I

C^-nmior (parallel minor in the alto.

to the

dominant)

the

theme

in
(2

Cj-

An
to

episode of

five

measures

3^

— 4«),

turns

first

B- minor

4,

(parallel

of the under-

dominant: ^g\ [= ^iu<] V?), and in the repetition /it' of the second group, back to the principal key i^f% [= ^H-^^ ^6j gi whereupon (with elision of the fifth measure) the bass (an octave lower than in the exposition) gives out the Dux in A -major but as in the accompanying voices at the end of the first section the Mixolydian bending of the leading-note (here g^ in place of gC) and two additional measures (7^ 8^), transform this Phrygian

-^

bend
{b

into a half-close

on

/Jj',

as there, into

one on

^jf'

a g

f^

in the sense of ^'

[= b^^—f^'^.

And

then,

as in the first section, the bass spins out the concluding motive of the theme in form of sequence. But now, in place of the expected theme entry in B-7?iitior there follows another appendage (triplet of measures for 'jb—Zb) in which the bass inverts the concluding motive of the theme, likewise forces its way upward, and leads to a half-close

on «':

i66

SECOND PART.

'^=r^
Vit
fr
«f#.

^ SE^^^
P—0-

=-!

d%

Pi^^
(Sb)

The delivery of the theme by the soprano, in the key of the underdominant, which immediately follows, announces the approaching end, and could therefore be as indeed also the preceding delivery of the Dux reckoned as belonging to the closing section; but this acceptation would not allow of an equivalent, as regards It would probably feeling, for the intense restlessness. be much more reasonable to look upon the after-section which follows, and which leads back to the dominant, as This after-section is still belonging to the middle section. entirely evolved from the concluding motive of the theme,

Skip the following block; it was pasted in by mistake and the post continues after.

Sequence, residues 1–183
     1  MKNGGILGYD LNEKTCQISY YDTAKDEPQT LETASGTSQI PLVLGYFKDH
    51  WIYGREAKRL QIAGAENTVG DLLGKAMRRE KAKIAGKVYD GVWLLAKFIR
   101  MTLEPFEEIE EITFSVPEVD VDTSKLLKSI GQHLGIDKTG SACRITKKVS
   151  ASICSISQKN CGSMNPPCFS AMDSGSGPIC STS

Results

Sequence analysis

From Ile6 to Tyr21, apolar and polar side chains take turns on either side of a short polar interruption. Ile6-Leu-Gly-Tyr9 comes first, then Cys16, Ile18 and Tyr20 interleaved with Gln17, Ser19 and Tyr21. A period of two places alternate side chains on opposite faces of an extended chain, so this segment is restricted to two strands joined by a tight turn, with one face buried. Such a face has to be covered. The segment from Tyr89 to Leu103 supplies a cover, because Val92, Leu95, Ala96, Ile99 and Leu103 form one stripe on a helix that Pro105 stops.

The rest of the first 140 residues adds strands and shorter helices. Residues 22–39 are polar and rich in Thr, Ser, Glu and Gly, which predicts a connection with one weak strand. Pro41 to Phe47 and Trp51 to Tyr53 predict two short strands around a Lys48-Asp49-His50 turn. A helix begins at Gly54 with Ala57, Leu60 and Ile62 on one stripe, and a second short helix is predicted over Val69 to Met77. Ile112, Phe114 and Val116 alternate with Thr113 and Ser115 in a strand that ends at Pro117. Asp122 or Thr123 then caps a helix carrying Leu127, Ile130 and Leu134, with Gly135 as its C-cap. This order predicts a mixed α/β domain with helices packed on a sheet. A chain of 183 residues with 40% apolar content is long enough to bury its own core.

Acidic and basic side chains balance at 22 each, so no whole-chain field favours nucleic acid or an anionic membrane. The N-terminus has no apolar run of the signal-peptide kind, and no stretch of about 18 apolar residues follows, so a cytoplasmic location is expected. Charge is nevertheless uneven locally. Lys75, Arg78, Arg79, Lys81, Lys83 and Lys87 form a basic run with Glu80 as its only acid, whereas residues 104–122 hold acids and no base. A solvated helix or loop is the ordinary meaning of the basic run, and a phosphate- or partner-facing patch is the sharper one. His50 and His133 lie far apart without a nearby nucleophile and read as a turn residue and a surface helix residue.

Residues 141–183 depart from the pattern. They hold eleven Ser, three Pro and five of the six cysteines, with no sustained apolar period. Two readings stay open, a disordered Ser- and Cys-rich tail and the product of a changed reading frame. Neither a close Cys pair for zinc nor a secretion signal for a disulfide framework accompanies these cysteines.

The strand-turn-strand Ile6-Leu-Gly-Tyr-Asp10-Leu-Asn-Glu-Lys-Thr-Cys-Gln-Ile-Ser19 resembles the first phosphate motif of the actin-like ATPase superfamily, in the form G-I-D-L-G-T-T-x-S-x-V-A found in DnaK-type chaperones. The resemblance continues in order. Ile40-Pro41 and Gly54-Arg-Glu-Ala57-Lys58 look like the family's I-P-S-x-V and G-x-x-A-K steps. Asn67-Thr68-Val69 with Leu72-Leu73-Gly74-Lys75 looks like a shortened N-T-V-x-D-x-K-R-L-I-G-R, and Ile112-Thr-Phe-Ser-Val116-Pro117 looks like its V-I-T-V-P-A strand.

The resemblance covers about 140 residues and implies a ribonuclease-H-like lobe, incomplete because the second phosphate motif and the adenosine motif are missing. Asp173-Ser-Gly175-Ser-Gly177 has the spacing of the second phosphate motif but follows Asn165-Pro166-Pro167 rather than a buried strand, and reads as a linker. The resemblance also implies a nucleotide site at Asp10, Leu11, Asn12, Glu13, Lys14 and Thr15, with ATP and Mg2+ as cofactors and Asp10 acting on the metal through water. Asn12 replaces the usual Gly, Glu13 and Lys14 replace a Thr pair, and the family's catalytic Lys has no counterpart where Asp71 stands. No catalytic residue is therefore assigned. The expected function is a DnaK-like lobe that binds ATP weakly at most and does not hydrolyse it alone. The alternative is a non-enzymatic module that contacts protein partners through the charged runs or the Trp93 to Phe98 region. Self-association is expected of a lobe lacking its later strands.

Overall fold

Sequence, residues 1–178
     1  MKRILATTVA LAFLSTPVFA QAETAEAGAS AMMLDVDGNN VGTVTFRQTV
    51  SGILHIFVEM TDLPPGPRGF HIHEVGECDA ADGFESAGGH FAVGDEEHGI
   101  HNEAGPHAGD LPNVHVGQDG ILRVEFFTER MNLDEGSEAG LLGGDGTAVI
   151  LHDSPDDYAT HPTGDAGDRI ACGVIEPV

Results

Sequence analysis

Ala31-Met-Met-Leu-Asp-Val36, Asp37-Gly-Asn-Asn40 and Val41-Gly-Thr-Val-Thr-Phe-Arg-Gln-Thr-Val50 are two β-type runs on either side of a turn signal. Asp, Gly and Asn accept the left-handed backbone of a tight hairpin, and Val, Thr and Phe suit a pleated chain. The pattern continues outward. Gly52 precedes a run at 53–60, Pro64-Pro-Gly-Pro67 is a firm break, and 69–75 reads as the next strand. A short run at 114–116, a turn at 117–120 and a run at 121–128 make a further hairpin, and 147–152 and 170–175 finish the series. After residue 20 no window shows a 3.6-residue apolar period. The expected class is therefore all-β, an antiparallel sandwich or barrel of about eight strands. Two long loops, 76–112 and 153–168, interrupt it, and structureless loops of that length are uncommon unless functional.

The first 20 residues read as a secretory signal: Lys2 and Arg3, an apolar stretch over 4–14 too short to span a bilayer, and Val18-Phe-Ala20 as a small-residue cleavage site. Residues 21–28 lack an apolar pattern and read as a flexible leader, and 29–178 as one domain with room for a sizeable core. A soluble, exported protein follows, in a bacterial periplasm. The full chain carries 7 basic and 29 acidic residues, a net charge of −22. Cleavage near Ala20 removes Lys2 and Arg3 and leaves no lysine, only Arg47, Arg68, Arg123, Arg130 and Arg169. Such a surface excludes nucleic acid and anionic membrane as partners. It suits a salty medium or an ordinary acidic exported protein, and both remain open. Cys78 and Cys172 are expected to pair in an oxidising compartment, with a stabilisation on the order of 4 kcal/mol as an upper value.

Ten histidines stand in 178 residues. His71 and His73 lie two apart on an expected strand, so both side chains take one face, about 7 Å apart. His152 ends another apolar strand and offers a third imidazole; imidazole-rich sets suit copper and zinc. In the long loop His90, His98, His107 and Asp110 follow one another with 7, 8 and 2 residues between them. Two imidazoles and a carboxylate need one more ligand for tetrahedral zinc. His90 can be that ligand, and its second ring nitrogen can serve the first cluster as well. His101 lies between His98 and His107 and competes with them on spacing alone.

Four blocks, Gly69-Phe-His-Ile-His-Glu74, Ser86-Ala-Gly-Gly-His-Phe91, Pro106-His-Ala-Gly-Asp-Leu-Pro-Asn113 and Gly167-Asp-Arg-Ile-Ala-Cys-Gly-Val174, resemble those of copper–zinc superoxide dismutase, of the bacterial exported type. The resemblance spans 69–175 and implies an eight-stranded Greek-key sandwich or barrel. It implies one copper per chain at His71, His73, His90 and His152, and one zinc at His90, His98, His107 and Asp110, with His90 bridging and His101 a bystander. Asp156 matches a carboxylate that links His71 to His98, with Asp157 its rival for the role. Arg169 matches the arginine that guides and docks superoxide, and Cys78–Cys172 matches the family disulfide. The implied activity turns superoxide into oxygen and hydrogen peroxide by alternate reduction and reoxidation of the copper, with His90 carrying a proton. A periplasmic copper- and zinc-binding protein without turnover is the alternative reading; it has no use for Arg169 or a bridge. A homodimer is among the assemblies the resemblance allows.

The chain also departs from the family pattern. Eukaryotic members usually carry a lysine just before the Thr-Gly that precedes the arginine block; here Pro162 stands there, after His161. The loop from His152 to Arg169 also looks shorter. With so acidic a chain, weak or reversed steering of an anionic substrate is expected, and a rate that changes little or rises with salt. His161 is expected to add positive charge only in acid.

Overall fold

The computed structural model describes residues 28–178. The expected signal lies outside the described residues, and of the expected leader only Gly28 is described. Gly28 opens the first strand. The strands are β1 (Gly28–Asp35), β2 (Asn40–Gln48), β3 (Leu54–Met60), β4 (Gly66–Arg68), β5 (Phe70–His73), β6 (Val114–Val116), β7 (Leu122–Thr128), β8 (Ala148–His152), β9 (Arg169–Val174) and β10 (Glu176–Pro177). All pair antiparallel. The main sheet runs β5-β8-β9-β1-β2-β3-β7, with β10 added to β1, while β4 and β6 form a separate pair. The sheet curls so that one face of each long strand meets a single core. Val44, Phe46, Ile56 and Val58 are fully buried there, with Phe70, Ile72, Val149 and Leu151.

and
^'
I

its

harmonic contents are
the concluding
is

d^'

.^.

<?'
|

«'''

^' [=<5^^^l3]
^i

(6)
^"^ i.e.

^*"

which appears in place of

(8)

(which expectation
(cf.

ration) has therefore

strengthened by the rtl of the figunot tonic, but dominant meaning
p.

Catechism "Harmonielehre"

iii),

/.

e.

the

close

becomes a half - close. That is also the inner reason why the delivery of the Comes by the alto which now
follows, has such a variegated appearance;

i^
U-

i=f=f^
f# 9>

-^'

y
"fit

9

'=1 V
(=d')

m^

ao.

PRELUDE AND FUGUE IN A-MINOR.

167

m
d+
the second group
is

5J-

ft— r:

b

(=b^)

(e'l)

The key of the dominant ought not again The suspense now becomes more intense, for,
of the

to
first

prevail of all,

twice repeated (the concluding motive

theme is employed with cadences to a^ (4^), d^ (4/^) and half- close on ^^ (4^), at which moment the soprano enters triumphantly (with 4^ 6) with the Dux, bringing the whole to a conclusion (there only follows a close-confirmation of one measure).

=

II.

20.

PRELUDE AND FUGUE
The
Non
prelude
is

IN A-MINOR.

piece, evolved with
allegro.

an extremely wonderful chromatic unexampled art from a short theme:

I^^^^^^SS^
^^1
This thought
voices

V

^.

-t—

ffl

^

f

—#

#-3

(4)3"
of all repeated (with 4 6) with followed by two confirmations of one measure (8^, 8^), forming a cadence, first in D-minor^ and then in E- minor. The motive of these appendages is developed from the principal theme, but assumes an independent form:
is

first

=

reversed, and

i68

SECOND PART.